Drug Company Offers Free Calling Time
The mailings will hit three demographic groups - health care professionals, patients with multiple sclerosis and employees of multiple sclerosis societies. Prospect names are being culled from leads generated by the sales force, respondents to the company's toll-free number and patients using the drug, called Copaxone (glatiramer acetate for injection), which helps victims of relapsing-remitting multiple sclerosis,.
When callers dial the toll-free number that appears on their card, they will hear an introduction and a series of voice prompts that guide them through a set of questions. The callers answer each question by pressing a number on their telephone dial pad. A different toll-free number is being assigned to each demographic group to segment response.
The surveys will collect patient and professional opinions about the drug and competing drugs in addition to suggestions about how Teva Marion Partners can better serve patient needs. Sprint's database technology will package the incoming raw data into reports and forward them regularly to Teva Marion Partner's marketing team.
"The cards help us to continually refine what we are doing," said Gwen Duzenberry, manager of market research at Teva Marion Partners. "One of the great things about the cards is that you can tweak the cards and really make them specific to what your marketing or management needs are."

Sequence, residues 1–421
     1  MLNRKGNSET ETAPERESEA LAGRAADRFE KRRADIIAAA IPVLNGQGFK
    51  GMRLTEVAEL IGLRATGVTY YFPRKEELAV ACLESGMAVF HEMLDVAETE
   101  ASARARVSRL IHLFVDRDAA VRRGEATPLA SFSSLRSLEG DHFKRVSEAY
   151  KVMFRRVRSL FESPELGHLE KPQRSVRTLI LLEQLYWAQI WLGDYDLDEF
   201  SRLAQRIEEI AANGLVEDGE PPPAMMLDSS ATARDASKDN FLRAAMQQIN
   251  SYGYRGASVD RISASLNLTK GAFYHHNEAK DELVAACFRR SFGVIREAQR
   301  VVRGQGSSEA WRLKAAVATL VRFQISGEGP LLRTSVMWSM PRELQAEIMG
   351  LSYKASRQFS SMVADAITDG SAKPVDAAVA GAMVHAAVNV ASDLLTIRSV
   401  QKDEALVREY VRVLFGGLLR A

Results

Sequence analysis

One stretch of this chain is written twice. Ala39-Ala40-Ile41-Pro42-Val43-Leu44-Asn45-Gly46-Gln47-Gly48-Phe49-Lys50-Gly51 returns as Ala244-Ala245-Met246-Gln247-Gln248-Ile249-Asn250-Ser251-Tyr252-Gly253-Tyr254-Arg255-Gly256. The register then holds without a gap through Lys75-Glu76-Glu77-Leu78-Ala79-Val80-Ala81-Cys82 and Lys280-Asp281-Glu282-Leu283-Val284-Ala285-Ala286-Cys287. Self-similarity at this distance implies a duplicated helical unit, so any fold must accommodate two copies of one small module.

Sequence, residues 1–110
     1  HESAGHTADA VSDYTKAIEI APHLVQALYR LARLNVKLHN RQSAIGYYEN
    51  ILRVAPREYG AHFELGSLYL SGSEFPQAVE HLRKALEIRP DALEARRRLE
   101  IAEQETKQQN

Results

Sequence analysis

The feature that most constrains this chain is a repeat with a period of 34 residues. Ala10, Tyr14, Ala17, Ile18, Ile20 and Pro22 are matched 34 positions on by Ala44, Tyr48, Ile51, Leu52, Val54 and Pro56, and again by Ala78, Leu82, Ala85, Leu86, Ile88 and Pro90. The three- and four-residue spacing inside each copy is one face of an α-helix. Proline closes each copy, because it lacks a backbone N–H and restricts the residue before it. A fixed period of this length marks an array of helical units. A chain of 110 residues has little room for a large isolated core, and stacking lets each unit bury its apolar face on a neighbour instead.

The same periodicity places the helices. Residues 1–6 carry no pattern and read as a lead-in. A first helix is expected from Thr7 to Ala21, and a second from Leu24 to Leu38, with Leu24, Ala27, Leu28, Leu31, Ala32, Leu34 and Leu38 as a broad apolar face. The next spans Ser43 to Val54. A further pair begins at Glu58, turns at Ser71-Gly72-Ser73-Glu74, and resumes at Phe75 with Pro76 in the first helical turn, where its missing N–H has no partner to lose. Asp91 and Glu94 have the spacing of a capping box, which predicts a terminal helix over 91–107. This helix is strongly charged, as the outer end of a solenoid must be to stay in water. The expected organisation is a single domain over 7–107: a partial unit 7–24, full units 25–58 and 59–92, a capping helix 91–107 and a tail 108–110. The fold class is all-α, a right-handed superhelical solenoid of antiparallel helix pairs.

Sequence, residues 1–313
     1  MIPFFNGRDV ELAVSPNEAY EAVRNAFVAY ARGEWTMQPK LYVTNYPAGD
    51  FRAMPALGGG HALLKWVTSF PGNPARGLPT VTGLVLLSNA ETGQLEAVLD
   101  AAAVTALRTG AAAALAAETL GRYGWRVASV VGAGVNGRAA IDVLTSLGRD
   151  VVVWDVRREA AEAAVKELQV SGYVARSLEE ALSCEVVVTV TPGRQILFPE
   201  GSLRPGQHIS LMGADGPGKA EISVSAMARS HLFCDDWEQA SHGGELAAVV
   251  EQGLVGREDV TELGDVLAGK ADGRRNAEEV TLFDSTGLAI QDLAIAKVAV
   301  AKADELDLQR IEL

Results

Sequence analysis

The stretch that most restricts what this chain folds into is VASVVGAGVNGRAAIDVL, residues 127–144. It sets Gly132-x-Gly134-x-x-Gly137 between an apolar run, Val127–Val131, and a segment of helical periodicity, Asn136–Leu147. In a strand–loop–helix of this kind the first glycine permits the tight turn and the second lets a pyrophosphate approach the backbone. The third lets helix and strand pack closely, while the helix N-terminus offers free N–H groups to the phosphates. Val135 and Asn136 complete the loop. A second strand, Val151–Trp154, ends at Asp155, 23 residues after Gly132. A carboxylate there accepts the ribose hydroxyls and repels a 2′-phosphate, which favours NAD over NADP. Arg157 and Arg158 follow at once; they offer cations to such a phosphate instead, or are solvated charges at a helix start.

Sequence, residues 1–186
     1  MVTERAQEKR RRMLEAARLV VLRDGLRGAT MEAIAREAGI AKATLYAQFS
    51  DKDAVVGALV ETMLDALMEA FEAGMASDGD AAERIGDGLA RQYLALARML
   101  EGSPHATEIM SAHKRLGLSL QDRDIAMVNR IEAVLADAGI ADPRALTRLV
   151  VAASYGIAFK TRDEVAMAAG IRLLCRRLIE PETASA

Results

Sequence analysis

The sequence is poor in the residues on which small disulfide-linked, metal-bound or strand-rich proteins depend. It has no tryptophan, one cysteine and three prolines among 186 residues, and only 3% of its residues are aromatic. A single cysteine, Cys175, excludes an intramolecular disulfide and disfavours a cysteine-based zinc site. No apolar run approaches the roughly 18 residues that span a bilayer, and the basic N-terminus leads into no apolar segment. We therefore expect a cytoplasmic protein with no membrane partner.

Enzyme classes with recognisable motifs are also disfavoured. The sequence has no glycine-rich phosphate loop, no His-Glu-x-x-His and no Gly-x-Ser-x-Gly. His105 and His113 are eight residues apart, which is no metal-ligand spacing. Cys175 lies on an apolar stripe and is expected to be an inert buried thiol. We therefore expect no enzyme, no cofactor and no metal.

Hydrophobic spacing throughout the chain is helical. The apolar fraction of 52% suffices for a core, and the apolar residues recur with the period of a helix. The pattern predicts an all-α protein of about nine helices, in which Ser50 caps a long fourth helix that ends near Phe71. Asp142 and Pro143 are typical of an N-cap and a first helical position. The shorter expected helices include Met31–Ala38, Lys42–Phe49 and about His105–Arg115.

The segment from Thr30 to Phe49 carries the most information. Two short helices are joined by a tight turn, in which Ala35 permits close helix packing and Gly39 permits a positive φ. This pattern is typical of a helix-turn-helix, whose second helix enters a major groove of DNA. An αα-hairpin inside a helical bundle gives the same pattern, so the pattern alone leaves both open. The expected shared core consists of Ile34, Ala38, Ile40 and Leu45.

Duzenberry has a year's experience in using the prepaid cards as survey instruments and even as simple thank you gifts. Teva Marion Partners first used prepaid phone cards including a survey one year ago.
The company had only four employees at the time and little money to fuel extensive marketing efforts. Duzenberry was on the lookout for a cost-effective market research tool that would help the company obtain relevant information on multiple sclerosis pharmaceutical therapies and the needs of people in the multiple sclerosis community.
"I was looking for something that was cost effective and still could be an honorarium to respondents of surveys," Duzenberry said. "The phone card seemed like a good method of collecting quantitative information over time and an easy way to gather the information by segment. And it's much less expensive than traditional research. You are reaching many people without the mail cost and personnel and hours usually needed."
About a month before the drug's launch, the company attended a conference, the Consortium of Multiple Sclerosis Centers, that involved many groups from the multiple sclerosis community. Duzenberry gave out three sets of phone cards aimed at the company's target audiences - health care professionals, people with multiple sclerosis and employees of multiple sclerosis societies.
About 500 conference attendees picked up of one the cards, and 75 percent chose to complete the survey to take advantage of free long distance time.
"I've been using them ever since," Duzenberry said.